New election machines pass final test

Richard Fujimoto
Richard Fujimoto

By Duane Shimogawa - bio | email

HONOLULU (KHNL) - Hawaii's brand new election machines face its biggest test a week from Saturday at the primary election.

The office of elections and the neighbor island county clerks took part in a statewide official test. It's to make sure the absentee ballot counters work properly before its big day

people from various political parties and community groups gathered at the state capitol, Saturday morning. They were making sure the new machines are accurate.

Hawaii's Chief Election Officer Kevin Cronin says it's a test, but a very important one. As independent observers looked on, they tell us the machines are working like they should.

"The orientation has been very good, it's smoothly run and we have enough representatives for the election machine company to help us out," Observer Richard Fujimoto said.

Election officials say the new machines should improve the biggest concern they have is accuracy.

"We're concerned about every vote being counted and technology is now helping us do a better job, making sure that every vote is counted and is properly counted," Fujimoto said.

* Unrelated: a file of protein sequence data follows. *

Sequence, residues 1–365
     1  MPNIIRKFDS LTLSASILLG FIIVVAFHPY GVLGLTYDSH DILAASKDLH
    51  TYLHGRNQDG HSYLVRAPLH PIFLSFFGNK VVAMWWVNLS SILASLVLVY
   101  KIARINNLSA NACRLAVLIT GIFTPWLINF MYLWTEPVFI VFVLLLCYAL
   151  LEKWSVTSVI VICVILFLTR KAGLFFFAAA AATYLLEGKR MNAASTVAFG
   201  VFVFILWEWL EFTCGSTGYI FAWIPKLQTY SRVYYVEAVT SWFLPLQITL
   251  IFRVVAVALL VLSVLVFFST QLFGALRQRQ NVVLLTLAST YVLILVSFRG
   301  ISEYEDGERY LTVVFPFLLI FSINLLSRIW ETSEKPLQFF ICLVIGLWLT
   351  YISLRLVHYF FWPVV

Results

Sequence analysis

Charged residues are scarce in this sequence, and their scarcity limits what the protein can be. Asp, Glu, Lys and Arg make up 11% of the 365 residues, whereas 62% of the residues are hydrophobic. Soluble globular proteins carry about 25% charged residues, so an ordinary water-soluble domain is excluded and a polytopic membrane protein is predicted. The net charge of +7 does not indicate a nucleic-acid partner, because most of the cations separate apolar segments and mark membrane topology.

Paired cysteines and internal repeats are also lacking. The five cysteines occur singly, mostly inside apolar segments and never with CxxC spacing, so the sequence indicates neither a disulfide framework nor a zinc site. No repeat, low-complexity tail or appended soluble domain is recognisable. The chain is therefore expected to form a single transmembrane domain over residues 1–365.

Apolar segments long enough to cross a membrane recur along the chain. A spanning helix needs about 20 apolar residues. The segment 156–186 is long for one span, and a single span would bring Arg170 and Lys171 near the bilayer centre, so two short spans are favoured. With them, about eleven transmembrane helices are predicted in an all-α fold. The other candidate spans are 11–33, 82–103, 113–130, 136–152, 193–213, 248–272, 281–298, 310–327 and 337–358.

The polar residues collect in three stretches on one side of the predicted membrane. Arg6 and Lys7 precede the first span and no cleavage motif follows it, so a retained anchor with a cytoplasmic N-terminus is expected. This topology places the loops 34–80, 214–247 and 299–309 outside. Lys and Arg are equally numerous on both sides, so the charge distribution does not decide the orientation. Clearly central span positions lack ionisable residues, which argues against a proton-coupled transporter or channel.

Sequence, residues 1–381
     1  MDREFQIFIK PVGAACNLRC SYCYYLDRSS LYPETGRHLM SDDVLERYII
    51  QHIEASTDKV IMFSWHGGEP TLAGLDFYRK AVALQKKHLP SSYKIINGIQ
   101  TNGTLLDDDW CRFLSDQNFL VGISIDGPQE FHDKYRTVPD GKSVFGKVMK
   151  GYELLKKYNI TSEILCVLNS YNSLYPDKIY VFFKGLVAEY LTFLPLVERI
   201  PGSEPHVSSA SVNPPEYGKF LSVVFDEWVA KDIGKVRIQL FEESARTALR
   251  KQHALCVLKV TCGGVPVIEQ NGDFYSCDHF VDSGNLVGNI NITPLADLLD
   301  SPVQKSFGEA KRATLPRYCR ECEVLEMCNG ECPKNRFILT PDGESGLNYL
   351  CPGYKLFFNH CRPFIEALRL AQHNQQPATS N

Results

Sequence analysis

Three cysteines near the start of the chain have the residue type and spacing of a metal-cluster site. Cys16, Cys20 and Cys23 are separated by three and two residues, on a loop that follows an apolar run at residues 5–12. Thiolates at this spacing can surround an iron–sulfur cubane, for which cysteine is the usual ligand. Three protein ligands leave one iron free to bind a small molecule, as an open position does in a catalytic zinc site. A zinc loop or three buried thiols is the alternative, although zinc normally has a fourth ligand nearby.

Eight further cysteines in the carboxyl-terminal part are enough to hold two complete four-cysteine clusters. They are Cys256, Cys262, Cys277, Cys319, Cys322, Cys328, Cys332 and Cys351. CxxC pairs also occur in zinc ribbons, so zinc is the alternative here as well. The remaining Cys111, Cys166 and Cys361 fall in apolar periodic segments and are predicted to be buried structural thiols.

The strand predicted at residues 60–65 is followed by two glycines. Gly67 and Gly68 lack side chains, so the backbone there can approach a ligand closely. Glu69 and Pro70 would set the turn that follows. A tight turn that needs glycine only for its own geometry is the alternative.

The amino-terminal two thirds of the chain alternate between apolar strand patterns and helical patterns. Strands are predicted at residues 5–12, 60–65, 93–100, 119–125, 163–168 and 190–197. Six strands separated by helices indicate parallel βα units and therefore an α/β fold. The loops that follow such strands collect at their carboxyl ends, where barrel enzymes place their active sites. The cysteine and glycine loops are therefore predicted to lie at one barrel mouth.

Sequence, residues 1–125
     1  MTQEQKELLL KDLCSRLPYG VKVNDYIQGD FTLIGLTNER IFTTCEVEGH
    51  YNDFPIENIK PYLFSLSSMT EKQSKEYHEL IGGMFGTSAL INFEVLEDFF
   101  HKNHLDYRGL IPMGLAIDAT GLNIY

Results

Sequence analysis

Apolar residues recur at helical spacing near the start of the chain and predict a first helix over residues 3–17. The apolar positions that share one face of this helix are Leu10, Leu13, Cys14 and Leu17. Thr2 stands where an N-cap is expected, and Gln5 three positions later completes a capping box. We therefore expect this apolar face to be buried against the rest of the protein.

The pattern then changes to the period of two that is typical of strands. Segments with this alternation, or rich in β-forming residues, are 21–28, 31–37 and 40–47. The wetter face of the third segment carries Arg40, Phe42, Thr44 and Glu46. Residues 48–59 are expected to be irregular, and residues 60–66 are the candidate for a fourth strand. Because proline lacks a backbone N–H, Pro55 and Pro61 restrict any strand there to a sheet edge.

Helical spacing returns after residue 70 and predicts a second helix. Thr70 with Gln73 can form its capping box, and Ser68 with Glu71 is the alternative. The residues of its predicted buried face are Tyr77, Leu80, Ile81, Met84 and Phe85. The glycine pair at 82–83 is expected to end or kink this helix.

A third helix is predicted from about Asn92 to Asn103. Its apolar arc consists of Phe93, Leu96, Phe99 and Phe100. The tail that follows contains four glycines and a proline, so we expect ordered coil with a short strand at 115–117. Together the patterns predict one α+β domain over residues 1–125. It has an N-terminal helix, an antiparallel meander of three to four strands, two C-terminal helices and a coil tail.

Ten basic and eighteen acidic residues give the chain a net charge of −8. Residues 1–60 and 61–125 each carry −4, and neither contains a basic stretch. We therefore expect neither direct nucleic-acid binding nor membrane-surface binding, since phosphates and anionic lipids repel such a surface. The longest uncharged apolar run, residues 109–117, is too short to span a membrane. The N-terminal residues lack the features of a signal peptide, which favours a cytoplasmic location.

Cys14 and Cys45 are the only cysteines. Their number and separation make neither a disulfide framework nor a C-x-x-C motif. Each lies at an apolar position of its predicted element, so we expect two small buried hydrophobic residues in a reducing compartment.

Observers say these new machines should speed up the process, while still counting votes properly.

"I think it's ready and hopefully the outcome will be satisfying to all the voters, that it was done properly, the votes was counted and the result was pretty much accepted as the result," Fujimoto said.

A result officials hope everyone in the state will be satisfied with.

This is the last test of the absentee election machines before the primary election. Around a couple of weeks ago, the regular ballot counters got its final test.